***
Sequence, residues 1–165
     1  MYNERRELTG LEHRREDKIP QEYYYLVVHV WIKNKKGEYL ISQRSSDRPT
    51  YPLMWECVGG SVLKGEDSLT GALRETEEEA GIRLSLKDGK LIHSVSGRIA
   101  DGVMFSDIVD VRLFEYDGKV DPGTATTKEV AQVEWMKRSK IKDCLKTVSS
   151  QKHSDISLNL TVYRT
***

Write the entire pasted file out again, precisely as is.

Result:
Sequence, residues 1–165
     1  MYNERRELTG LEHRREDKIP QEYYYLVVHV WIKNKKGEYL ISQRSSDRPT
    51  YPLMWECVGG SVLKGEDSLT GALRETEEEA GIRLSLKDGK LIHSVSGRIA
   101  DGVMFSDIVD VRLFEYDGKV DPGTATTKEV AQVEWMKRSK IKDCLKTVSS
   151  QKHSDISLNL TVYRT